MAGIC vs TECHNOLOGY

We all know that we live in a world of Technology rather than one of Magic.

Don’t we?

Arthur C. Clarke once said “Sufficiently advanced technology is indistinguishable from magic.” When you can’t explain a thing by any concepts with which you are familiar or which you can deduce from what you know the only other explanation is… magic.

I grew up as something of a nerd familiar with a slide rule, building and flying model rockets and similar activities. I was not only deeply into technology but, like many nerds, into the fantasy world of D&D and similar pursuits. Perhaps as a nerd you need a break from technology occasionally.

The world of magic such as in D&D and other fantasy worlds is one where the mages, or magic users, possess arcane, occult (which simply means “hidden”) knowledge that gives them the ability to perform wonders. Normal people are limited to the tools of the physical world which they can understand and create for themselves.

The mages of course understand the “normal” world and are subject to it’s rules and limitations but possess a “higher” knowledge that gives them tremendous power beyond that of mere “normals”.

The normal people are at a tremendous disadvantage since so much power is in the hands of the mages. Thus the never ending quest to obtain and possess “magical” artifacts; magic swords, potions, magical shields, crystal balls, staffs of light, etc. Many stories revolve around the quest to obtain such knowledge or a powerful magical artifact or to destroy such an artifact in order to save the world or some part of it.

Which brings us back to whether we live in a world of Technology or Magic.

Growing up in the 50s and 60 we all understood the technology that existed around us like cars and electronics. While some of it was advanced like the race to the moon we still understood the fundamental concepts upon which the technology was based. Pretty much everyone knew the basics of auto mechanics of had a friend or family member who knew even more.

In school we were all taught the basics of how planes flew, how rockets worked, how electricity and radio functioned. So we lived in a world where the technology was familiar, comfortable and always knew that if we really put our mind to it we could learn all about any specific technology.

Which again brings us back to whether we live in a world of Technology or Magic.

Look around your own personal world today. Look at the computers, the TVs, cell phones, GPS in your car, the car itself. How much of it do you actually understand? Do you know the fundamental concepts of how an LCD TV works? Do you know how your computer works? Do you understand how the cable box that brings television to your LCD TV functions or how the DVR works?

If your car stops running do you have any idea what to check before calling the tow truck?

Are you a Mage or a Normal?

It strikes me at times that some of the items I see people using in their daily lives are quite like the “magical” artifacts of fantasy stories. The cell phone that teenagers use to send pictures to strangers all over the world are actually quite a bit more powerful than many of the magical devices in stories.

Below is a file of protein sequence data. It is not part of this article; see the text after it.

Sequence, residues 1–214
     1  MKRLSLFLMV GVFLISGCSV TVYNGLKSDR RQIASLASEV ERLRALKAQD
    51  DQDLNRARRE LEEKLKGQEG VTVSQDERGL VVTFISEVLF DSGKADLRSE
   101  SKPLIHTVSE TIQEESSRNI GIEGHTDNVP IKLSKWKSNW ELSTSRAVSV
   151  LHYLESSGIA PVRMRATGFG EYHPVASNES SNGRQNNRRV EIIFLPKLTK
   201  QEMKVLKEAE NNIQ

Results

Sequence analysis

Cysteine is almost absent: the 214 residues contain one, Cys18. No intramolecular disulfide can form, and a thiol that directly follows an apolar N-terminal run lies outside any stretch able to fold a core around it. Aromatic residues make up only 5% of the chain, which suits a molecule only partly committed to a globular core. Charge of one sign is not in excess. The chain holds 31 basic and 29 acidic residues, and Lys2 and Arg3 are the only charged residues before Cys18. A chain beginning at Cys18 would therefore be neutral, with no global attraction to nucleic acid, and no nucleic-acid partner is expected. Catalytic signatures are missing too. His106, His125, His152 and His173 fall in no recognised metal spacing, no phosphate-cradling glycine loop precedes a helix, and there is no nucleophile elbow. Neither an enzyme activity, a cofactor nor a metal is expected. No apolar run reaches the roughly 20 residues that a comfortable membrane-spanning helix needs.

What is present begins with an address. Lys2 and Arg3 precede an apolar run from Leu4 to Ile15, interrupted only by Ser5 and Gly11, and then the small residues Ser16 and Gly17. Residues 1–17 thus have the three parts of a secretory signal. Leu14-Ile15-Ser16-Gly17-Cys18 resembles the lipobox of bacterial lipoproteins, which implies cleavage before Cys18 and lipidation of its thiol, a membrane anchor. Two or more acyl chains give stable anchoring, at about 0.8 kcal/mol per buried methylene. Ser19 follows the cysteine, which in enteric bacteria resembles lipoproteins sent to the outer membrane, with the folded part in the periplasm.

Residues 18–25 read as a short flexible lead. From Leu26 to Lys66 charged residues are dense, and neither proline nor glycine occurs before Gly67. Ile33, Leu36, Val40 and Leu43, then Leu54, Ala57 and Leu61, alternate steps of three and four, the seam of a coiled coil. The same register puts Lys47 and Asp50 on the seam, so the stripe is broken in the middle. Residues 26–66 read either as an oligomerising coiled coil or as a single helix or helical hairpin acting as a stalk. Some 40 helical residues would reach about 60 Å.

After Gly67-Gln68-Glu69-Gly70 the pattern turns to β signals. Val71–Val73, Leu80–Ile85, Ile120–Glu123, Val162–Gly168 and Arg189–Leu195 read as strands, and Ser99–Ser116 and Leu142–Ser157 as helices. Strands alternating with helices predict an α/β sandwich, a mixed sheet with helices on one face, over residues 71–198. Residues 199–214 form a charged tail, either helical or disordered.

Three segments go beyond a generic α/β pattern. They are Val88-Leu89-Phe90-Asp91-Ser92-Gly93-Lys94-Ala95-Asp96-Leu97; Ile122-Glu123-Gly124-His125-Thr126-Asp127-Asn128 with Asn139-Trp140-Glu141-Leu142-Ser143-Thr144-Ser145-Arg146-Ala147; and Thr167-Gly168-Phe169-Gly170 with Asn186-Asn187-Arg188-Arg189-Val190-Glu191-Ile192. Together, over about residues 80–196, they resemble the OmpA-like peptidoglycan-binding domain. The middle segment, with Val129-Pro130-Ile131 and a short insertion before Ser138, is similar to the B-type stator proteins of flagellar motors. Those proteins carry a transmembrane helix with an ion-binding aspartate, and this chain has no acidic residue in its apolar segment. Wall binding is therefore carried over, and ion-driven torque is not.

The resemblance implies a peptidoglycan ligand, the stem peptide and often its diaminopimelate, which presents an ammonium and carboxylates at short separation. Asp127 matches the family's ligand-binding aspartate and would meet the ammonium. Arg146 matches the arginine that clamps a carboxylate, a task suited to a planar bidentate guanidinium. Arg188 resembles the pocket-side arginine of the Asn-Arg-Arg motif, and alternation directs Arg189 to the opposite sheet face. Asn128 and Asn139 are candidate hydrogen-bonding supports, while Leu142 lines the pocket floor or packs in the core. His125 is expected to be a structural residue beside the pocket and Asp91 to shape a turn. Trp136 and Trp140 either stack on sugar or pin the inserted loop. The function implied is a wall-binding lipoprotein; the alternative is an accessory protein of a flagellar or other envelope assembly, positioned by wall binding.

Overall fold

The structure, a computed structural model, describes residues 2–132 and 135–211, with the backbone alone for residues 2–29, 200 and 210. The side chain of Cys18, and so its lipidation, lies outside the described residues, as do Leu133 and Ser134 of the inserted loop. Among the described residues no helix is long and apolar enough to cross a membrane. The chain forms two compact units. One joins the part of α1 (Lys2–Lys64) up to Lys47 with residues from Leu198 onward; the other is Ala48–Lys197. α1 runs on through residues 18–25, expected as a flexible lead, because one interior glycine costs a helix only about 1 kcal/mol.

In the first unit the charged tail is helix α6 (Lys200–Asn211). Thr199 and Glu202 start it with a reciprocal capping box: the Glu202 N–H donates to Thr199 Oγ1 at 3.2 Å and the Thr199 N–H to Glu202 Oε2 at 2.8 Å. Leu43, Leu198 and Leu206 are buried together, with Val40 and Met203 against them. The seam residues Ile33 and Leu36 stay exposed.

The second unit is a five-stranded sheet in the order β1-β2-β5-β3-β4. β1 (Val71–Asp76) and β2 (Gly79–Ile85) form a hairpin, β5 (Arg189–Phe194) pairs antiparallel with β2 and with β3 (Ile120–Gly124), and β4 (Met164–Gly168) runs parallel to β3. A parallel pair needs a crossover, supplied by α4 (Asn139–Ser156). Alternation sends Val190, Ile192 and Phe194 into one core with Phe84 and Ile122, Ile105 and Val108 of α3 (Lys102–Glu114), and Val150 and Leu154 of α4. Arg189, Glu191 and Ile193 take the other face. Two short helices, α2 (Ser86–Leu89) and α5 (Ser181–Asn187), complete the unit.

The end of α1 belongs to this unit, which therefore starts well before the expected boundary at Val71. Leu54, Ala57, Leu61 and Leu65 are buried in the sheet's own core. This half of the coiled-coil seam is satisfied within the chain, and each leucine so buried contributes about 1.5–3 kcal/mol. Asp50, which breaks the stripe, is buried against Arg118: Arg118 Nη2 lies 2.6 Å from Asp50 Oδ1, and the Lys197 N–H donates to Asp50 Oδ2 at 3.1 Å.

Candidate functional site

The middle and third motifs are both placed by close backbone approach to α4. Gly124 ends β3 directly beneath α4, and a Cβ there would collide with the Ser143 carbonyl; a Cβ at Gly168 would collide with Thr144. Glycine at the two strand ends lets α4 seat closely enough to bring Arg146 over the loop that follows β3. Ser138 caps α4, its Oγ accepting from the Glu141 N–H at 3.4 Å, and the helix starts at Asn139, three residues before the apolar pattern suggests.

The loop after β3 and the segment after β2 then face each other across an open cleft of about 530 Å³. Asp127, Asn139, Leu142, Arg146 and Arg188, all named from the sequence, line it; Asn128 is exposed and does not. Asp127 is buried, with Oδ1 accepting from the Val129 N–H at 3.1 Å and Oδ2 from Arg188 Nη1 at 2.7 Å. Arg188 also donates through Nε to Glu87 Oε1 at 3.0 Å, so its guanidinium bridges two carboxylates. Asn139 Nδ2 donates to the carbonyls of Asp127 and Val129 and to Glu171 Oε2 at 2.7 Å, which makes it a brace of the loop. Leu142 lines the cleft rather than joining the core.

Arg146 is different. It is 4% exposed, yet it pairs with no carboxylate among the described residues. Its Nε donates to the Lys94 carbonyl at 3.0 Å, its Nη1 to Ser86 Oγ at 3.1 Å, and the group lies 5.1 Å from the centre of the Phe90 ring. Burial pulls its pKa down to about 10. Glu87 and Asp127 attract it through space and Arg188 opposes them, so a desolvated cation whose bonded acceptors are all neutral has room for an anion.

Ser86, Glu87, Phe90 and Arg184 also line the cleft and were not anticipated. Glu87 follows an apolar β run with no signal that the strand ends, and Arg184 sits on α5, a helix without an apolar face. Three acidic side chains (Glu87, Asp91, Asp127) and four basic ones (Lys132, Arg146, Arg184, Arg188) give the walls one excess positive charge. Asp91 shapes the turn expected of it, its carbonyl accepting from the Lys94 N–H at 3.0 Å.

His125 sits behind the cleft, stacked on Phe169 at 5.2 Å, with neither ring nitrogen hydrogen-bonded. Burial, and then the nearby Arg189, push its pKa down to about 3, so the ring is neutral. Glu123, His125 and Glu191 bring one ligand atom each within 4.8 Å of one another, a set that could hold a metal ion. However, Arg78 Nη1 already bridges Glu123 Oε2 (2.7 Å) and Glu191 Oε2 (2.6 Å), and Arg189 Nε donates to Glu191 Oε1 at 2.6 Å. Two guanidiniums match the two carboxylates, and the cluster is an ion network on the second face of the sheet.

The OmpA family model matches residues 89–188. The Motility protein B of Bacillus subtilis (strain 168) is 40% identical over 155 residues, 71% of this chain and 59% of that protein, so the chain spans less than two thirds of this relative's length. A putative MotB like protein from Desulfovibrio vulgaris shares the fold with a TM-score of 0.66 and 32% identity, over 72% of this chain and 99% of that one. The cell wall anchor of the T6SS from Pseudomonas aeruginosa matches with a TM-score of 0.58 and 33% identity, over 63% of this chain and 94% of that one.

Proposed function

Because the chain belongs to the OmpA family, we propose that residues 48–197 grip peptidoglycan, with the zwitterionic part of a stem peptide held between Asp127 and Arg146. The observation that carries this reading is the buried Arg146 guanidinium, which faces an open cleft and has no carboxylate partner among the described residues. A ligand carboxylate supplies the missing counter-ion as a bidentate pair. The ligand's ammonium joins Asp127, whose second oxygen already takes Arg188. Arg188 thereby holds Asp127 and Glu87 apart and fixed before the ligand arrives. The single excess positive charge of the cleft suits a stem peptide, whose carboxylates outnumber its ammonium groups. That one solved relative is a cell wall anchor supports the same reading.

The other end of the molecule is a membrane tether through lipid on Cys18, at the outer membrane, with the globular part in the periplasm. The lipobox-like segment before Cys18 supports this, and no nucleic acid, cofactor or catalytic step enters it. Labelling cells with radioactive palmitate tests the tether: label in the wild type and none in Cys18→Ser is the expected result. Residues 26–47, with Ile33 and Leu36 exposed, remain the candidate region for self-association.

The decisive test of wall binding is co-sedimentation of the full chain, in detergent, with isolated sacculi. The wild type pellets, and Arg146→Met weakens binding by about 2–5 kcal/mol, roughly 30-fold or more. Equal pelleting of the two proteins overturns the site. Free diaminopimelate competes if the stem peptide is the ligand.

In Lord of the Rings Saruman the White Wizard had a magic crystal ball that allowed him to see things at a great distance. By comparison today’s webcams and drones make his crystal ball look rather primitive.

Yet they bear striking similarities…

The person using them didn’t make them. They not only didn’t make them but actually have no real idea of how they work. They almost certainly can’t repair them if they stop functioning. They have to take it to a local “mage”, i.e. someone possessing arcane, occult knowledge, to restore the magic in it.

We might as well call it magic because most of us do not understand the technology we use. The schools don’t teach that knowledge. Oh they teach you how to USE the technology, keyboarding (instead of typing), programming instead of woodshop, browsing instead of library science. But the reality is that few people outside of the technical professions really have any idea how most of the technology around them works.

I know people with cars with so many functions built into them that the User’s Manual is an inch think. The owners have given up trying to figure out all of the controls and only use the few functions that they can grasp intuitively. They aren’t stupid people but the level of complexity is such that it’s difficult to retain the complex procedures when the car is not used constantly.

So despite what we call it most people today don’t live in a world of “technology”. They live in a world of “magic” where the mages provide the magical artifacts which they use and which they do not actually understand.

More worrisome is that even many of the “mages” don’t truly understand the technology they use. Few of the people working in the IT world could actually build a computer if they had to. Oh sure they could assemble components, motherboards, power supplies, cpus, ram, graphics cards into a case to build a functioning computer but could they build the cpu or the motherboard themselves? No they couldn’t.

Few of the engineers who actually design the motherboards or the cpus could build one either. They know circuity but they know little or nothing of the materials science required to create the cpu chip.

The world we live in today blurs many of the lines between the terms “technology” and “magic”.

The ability to be self sufficient grows further and further away from us everyday. More importantly our dependence on the “mages” and their magical artifacts grows every day.

The Librarian

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